Calibrating colors for DNG processing

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Note: this page currently refers to using DNG files with Adobe's Camera Raw ("ACR": part of Photoshop, Bridge, and Lightroom), which support the DNG profiles which were introduced in v1.2 of the DNG standard. As information becomes available about other RAW processing software that support DNG profiles, please add information to this page.

DNG files created by CHDK contain a basic color matrix which should generate "normal" colors in RAW processing software. Ever since version 1.2 of the DNG standard (which is supported by ACR 4.5 or later and Lightroom 2.0 and later) we've also been able to use DNG profiles to fine-tune the color processing. Adobe provides a selection of DNG profiles for all the cameras it supports natively, but we can easily install extra profiles. Most photographers who use extra profiles do so in order to get all their cameras producing consistent colours (sometimes including having profiles specific to each individual camera body to cater for the slight differences between bodies of the same model). They can also be used for more esoteric things such as processing RAW files from infrared cameras.

DNG profiles can either apply to a specific lighting condition (more than just a particular white balance, but also the spectrum of light: useful in unusual lighting conditions) or they can be a "dual-illuminant" profile which contains data for both D65 and Standard Illuminant A lighting conditions. If properly defined, these dual-illuminant profiles are suitable for use as generic profiles in most lighting conditions, although custom "single-illuminant" profiles can still be created for unusual lighting conditions. The standard Adobe profiles are dual-illuminant profiles.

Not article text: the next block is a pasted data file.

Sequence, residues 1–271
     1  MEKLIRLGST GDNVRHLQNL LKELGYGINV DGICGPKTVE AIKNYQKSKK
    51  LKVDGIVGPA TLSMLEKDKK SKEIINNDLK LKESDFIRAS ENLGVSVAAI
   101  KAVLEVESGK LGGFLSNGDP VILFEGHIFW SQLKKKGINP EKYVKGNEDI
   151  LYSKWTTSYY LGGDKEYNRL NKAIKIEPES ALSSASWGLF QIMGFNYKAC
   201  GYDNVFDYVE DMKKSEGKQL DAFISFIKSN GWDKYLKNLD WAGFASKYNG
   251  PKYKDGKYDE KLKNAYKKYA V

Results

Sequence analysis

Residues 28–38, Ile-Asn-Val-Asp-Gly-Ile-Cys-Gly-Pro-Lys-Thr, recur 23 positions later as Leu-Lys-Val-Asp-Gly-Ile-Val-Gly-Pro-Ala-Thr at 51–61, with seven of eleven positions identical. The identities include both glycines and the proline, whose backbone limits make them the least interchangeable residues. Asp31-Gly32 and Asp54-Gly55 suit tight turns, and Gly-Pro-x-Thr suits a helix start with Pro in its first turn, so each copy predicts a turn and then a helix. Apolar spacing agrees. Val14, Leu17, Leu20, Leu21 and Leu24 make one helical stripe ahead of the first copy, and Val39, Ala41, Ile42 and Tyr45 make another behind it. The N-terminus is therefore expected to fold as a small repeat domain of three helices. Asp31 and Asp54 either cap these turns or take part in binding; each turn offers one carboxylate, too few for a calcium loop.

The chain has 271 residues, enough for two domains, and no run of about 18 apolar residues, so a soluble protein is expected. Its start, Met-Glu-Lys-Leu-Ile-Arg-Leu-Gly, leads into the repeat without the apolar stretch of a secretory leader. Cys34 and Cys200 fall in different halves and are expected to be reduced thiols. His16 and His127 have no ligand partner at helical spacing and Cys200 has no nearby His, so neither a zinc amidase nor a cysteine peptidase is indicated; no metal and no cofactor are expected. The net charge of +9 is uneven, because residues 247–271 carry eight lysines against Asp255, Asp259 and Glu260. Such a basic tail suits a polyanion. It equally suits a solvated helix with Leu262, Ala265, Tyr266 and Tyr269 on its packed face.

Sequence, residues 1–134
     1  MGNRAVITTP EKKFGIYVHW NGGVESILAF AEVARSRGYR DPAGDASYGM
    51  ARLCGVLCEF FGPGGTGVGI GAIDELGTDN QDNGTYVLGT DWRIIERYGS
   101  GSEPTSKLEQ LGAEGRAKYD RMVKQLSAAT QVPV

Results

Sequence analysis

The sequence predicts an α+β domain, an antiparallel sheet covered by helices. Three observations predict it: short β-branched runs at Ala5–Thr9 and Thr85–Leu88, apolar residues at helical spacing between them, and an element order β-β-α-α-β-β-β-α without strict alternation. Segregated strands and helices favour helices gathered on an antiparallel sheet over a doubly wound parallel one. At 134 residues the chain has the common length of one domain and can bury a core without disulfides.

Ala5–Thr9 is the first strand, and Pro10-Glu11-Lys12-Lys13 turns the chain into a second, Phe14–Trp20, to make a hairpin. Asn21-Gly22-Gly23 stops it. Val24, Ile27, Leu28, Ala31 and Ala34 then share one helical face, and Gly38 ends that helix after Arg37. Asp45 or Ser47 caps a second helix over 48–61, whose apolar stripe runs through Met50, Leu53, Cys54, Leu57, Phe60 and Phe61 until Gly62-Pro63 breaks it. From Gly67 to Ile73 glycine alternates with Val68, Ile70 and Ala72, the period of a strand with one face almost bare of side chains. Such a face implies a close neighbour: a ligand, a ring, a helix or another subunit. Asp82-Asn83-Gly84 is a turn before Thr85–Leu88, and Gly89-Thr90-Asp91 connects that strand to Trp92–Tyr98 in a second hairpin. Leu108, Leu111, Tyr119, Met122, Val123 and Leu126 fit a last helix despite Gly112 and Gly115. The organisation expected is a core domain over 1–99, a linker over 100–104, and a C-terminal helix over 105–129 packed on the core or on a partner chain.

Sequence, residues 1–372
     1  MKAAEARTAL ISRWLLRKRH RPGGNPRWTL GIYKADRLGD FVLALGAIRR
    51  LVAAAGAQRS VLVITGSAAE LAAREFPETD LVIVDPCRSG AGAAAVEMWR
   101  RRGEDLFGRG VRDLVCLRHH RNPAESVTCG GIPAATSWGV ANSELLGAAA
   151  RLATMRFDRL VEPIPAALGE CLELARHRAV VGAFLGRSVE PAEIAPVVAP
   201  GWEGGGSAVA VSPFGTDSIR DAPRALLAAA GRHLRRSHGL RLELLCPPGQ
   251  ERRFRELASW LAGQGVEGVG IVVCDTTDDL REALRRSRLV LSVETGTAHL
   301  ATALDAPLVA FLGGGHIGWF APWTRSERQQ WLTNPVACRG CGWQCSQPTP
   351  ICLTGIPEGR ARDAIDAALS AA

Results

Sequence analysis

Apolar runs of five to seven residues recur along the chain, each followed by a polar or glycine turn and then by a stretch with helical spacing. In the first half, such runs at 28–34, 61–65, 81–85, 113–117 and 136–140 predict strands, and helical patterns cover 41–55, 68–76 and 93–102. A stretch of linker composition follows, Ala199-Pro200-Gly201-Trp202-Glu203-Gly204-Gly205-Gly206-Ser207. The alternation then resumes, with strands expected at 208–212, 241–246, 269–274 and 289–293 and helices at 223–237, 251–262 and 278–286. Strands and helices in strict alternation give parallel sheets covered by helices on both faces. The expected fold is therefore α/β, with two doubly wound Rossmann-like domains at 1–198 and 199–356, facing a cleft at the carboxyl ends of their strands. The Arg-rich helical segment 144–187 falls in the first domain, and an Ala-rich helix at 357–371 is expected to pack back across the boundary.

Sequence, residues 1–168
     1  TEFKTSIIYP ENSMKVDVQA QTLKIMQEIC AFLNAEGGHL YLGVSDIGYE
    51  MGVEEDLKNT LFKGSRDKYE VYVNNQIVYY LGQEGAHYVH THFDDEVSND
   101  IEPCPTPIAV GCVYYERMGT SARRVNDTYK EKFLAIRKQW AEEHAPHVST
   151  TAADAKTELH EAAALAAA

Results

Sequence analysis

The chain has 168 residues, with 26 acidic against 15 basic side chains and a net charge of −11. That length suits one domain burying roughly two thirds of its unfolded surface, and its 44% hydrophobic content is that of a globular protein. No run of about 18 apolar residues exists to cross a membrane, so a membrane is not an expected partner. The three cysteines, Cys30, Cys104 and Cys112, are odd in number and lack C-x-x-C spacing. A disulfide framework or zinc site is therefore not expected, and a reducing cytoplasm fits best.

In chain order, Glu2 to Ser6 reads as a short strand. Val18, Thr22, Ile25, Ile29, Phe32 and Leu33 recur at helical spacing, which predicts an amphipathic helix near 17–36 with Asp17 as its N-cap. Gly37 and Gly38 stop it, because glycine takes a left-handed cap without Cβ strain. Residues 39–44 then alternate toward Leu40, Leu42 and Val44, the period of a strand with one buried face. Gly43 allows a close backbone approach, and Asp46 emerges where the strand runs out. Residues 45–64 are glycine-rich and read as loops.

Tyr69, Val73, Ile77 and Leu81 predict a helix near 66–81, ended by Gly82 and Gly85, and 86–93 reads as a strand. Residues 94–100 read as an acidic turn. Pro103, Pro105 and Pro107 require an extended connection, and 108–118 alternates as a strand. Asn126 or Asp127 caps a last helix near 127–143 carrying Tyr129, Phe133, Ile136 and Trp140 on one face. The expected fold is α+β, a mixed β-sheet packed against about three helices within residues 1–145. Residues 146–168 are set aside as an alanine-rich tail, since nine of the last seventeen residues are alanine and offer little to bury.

Usually when processing DNG files from CHDK cameras no profiles are available from Adobe, and Camera Raw only provides the choice of the psuedo-profile "Embedded" (which is essentially the color matrix embedded by CHDK). By installing our own profiles for these cameras we can improve the color rendering significantly. Note that each DNG profile (usually contained in a .DCP file) is tied to a specific camera model. The profiles can be created/manipulated with Adobe's free DNG Profile Editor (free login required), and with X-Rite's ColorChecker Passport product. Both methods are usually based on taking photos of a ColorChecker target. Some people have instead managed to modify Adobe-provided profiles for several cameras with native RAW support, in order to use them with RAW files from cameras with similar image sensors.

As described in Adobe's documentation, placing the .DCP files in the Adobe/CameraRaw/CameraProfiles folder (the location of which will vary depending on your operating system) and restarting the RAW processing software should be all that's required for installation. If the new profile is still not visible when you're processing files from your camera, this would usually be due to the camera model name in the profile not matching that in the photo's EXIF data (i.e. it's not a profile for your camera).

Once you've found a profile that you're happy with, you can open up a new DNG file from your camera, assign the profile (in the Camera Calibration panel of Camera Raw) and then save those settings as a new Camera Raw Default so that new photos will use that profile by default.

User-provided DNG profiles

This page provides a common reference for DNG profiles for various CHDK-supported cameras, and will hopefully grow over time.

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